The viral effect of augmented reality

For the last months we’ve seen dozens of augmented reality applications. The technology has become so low-level that more and more companies and individuals are playing around with it. This results in a lot of funny and (sometimes) interesting applications. But the low-levelness also caused a good side effect: virality.

First: We, designers, get to experience so many new technologies and possibilities that we are easily bored… This ‘curse of knowledge’ blinds us, making us not see how the audience will respond. For example: for us the iPhone is the most normal device in the world, multi touch is something we know and we are already looking forward to the next thing. But ‘the masses’ don’t experience it like this, for them it’s still a novelty… and most of them see it as unreachable for now. Augmented reality is quite similar.

Designers may be used to the technology behind augmented reality and understand how an icon on paper can be transformed into a 3D animation you can move yourself. But we must never forget how our target audience thinks. For ‘the masses’ augmented reality feels like magic. They don’t think in technologies, but just experience the result. And when they do this, they are overwhelmed by the coolness of augmented reality.

Check out these video from somebody experiencing augmented reality for the first time:

For me it’s really important to keep the above points in my mind. The ‘curse of knowledge’ is very strong and can make a designer fail totally. What triggered this thought was an article I read on theory.isthereason where the writer referred to the great number of home made videos on augmented reality. When looking at the different video’s you see how people perceive the result they get. They don’t know how it works, just that it is really cool. So cool, that loads of them decided to make a video of it and spread it on the internet. Freely promoting companies and products, like the GE campaign. In the case of the GE augmented reality stuff, it resulted in a viral campaign (which I am joining right now): check out the number of videos people uploaded. Amazing.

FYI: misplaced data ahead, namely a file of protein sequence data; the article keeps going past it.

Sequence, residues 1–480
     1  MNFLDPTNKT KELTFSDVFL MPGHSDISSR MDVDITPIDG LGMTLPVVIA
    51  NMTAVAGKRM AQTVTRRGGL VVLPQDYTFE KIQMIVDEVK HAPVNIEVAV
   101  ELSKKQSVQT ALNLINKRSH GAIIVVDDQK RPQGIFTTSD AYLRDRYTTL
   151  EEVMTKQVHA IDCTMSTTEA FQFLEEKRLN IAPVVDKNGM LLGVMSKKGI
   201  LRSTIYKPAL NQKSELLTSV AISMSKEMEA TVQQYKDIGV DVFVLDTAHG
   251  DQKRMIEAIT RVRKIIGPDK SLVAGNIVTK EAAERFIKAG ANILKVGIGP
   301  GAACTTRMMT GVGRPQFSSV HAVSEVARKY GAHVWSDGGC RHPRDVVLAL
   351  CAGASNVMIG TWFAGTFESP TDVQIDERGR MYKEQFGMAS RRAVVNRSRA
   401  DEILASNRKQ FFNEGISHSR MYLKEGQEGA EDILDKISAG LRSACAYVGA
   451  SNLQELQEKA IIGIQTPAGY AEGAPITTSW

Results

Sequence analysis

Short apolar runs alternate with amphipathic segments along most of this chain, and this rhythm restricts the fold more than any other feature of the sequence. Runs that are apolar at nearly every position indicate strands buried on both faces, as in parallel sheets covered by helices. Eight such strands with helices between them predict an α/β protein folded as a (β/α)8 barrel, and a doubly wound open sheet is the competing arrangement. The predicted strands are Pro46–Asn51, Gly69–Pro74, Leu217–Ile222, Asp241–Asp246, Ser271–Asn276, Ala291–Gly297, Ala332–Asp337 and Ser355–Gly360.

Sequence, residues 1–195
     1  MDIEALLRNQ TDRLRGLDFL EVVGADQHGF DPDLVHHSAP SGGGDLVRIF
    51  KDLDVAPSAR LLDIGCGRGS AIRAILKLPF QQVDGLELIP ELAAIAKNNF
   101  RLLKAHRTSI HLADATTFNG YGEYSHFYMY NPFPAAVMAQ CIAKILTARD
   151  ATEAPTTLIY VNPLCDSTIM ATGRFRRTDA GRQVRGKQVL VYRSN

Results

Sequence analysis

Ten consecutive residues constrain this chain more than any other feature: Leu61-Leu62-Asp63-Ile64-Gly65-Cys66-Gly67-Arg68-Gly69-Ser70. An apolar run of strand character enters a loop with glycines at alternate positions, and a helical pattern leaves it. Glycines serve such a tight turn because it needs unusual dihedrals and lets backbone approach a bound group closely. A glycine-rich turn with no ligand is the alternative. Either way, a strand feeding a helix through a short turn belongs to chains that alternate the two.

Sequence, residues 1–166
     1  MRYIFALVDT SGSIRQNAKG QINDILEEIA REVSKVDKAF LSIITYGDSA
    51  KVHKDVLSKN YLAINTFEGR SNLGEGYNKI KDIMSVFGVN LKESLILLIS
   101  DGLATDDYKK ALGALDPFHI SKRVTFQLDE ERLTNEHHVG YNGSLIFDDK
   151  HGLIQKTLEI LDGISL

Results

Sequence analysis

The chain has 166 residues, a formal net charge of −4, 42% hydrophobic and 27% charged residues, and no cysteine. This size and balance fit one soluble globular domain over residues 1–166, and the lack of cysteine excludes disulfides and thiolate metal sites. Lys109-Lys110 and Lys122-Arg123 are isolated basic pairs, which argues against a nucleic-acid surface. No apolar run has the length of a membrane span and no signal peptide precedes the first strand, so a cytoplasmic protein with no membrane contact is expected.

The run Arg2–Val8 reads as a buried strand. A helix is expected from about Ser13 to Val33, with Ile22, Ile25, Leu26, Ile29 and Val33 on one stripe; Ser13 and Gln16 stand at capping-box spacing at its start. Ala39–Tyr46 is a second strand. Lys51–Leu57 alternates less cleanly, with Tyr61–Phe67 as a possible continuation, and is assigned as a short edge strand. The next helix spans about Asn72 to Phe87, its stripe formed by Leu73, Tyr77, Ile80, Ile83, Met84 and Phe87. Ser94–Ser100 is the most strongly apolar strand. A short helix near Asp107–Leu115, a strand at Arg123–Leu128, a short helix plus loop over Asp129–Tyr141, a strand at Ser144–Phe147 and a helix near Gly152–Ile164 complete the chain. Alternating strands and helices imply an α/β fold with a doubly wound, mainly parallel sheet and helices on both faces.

For me there are two lessons: let’s stay curious and not be blinded by the ‘curse of knowledge’. And the other one is more direct… augmented reality is a great starting point for a viral campaign, since it impresses people.

Jeroen van Geel

Jeroen van Geel is founder/chief kahuna of Johnny Holland and the interaction director at Fabrique [brands, design & interaction], a Dutch multidisciplinary design agency. You can follow him on Twitter via @jeroenvangeel.

6 comments on this article

  1. Michel Witter on

    Good thinking Jeroen.
    Besides thinking about designing for AR also think about ‘normal’ people.
    Though incorporating usability research —and personas ;)— should cover this. Not?

  2. @Michel: you would say so… but augmented reality is a typical example of technology driven innovation. So we should be aware of this.

  3. Low-level means difficult to use. High-level means easy. Layers of abstraction.

  4. Noah is correct, that kind of jumped out at me. Low level refers to something closer to machine code or the kernel. High level refers to the user interface, buttons and dialogs.

    Good article, I plan to reference it for a presentation I’m doing soon.

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